(Why do I have to sign into my google account every time I post? It's driving me mad.)

Ali Bags said...

Jung's story archetypes:

* The hero: Rescuer, champion
* The maiden: Purity, desire
* The wise old man: Knowledge, guidance
* The magician: Mysterious, powerful
* The earth mother: Nature
* The witch or sorceress: Dangerous
* The trickster: Deceiving, hidden

Ali Bags said...

And his other archetypes are relevant too:

Family archetypes

* The father: Stern, powerful, controlling
* The mother: Feeding, nurturing, soothing
* The child: Birth, beginnings, salvation

Animal archetypes

* The faithful dog: Unquestioning loyalty
* The enduring horse: Never giving up

Joan Crawford said...

I'm sorry, but that phrase has been trademarked.


Ha!

Jenn said...

@ AliBags

So interesting to see the seven types of stories. And good info on the Jung story types well.

Very interesting, that Lost fits into all of the categories at one time or another over the course of the show (one could argue.)

I never really thought about the parallels between Lost and Avatar before, but when they're spelled out like this…it's clear they are similar—despite the fact that Cameron wrote Avatar many, many years before the idea of Lost was conceived.

I really liked the captioned photo. Funny. IMMD.

Blam said...

Why do I have to sign into my google account every time I post? It's driving me mad.
Are you on a Mac using Safari with Private Browsing turned on?

Ali Bags said...

I am on a Mac using Firefox - will check the settings when I get home.

Blam said...

I was just guessing from my own experience. Whatever browser you're using may have a similar feature, or be set to deny cookies, or something along those lines.

Rufus said...

Ali Bags: What???? no family CAT???

Ali Bags said...

@Rufus - Lol!, Of course there is a cat archetype but I left it off as it it wasn't relevant to Lost. Not exactly academically honest of me, I admit.

Fred said...

@Blam: if LOST contains Shakespearian comedy, then you would need a wedding to end the show. The difference between A Midsummer Night's Dream and Romeo and Juliet is one ends in a wedding (bringing together the families--very LOST considering Boone's comment in Locke's dream, that he must bring the families together), and the other ends with the lovers dying and the families reconciled in grief. Notice, if Friar Lawrence had been a little faster, he'd have saved the day and the lovers. If LOST ends with the marriage (years later) between Ji Yeon and Aaron, then LOST would have played out like a classic romance/comedy. Considering how marriage is a theme in LOST, I say why not? Of course, most of the marriages depicted seem of a very poor quality.

The 7 plots of all narratives. Sounds like Joseph Campbell, borrowing from Sir James Frazer "The Golden Bough." The king in the grove whom the servant/successor must kill (sound familiar). All narrative revolves around the harvest cycle--the planting of grains (comedy), the harvesting (tragedy). The other point, which Joseph Campbell recognized, is that all narratives are religious narratives involving the monomyth. Jack is undergoing a journey of the hero to gain illumination--think how far Jack has come (1) wanting off the island but seeing rescue as the option; (2) wanting off the island but seeing resetting time by exploding Jughead as the option. Jack is following Campbell's monomyth. But I'm sure Darlton won't script Jack's journey exactly according to the monomyth.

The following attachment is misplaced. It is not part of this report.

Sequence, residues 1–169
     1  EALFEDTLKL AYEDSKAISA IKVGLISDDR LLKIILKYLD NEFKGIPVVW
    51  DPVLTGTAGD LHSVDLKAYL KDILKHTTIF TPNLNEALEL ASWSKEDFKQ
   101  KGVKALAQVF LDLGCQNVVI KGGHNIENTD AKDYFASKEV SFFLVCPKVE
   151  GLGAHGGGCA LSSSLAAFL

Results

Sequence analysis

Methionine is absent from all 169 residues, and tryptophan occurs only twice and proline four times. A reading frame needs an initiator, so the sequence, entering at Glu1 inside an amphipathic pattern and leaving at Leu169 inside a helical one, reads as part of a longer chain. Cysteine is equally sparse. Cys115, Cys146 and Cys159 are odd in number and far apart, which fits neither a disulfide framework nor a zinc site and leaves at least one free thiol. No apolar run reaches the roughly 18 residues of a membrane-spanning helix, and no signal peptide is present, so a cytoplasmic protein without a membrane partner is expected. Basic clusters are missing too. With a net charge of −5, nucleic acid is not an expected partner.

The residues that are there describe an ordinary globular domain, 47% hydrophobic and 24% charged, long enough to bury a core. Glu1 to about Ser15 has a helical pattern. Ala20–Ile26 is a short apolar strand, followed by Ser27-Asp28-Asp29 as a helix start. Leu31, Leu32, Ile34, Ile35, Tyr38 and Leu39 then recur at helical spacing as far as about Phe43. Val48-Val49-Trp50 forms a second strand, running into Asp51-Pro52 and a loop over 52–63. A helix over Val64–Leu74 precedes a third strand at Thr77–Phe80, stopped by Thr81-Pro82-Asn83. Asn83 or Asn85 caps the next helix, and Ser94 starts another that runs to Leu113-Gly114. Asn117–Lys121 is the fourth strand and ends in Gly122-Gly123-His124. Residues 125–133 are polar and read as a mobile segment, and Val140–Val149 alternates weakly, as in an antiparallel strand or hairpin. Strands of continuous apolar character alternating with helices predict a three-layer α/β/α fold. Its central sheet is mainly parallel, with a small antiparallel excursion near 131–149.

Jazzygirl said...

Ah ha! That's great!

Anonymous said...

I seem to have some kind of inadvertent aversion to James Cameron movies. I haven't seen Titanic, and I still haven't seen Avatar despite several attempts. Is my subconscious trying to tell me something?

Tanyam

Joan Crawford said...

I recently read an article about, God what the hell is her name? Sarah Conner from Terminator. She's one odd duck and talks about her revenge on Cameron's new wife is that she is now the thing he desires. Anyway, the whole thing was very...disjointed.

LINDA HAMILTON! Linda Hamlin? Hammy Linda?

right?

Nikki Stafford said...

Blam: Pfft. FIGURES it was a MAC problem Ali Bags was having. (I'm assuming humanebean isn't following these comments, right? And yet... secretly hoping he is... heehee...)

redeem147 said...

I met Linda Hamilton last year, and she was lovely. Not disjointed, so it was probably the interviewer.

She did say she would work with Cameron in a heartbeat. Great director, lousy husband.

Blam said...

LINDA HAMILTON! Linda Hamlin? Hammy Linda?
Close: Marvin Hamlisch (strange but true).

Joan Crawford said...

Hahaha!

Ali Bags said...

@Nikki

I LOVE my Mac!

Ali Bags said...

and today it is my PC that I have to keep signing in to!

The Rush Blog said...

["Eh. It's not like Avatar has paramilitary jerkwads who invade the jungle for... um... Okay, but in Lost there's a some kind of special connection between the natives and where they... live... Well, the difference between the Island and Pandora is that the Island has some mysterious resource under... groun...duhhh. Hmm. Is there mystical healing going on? There is? What about people taking over other bodies? Michelle Rodriguez, even?"]


ROFL!! Now I understand why "AVATAR" failed to win Best Picture. And I thought it was copying "DANCES WITH WOLVES".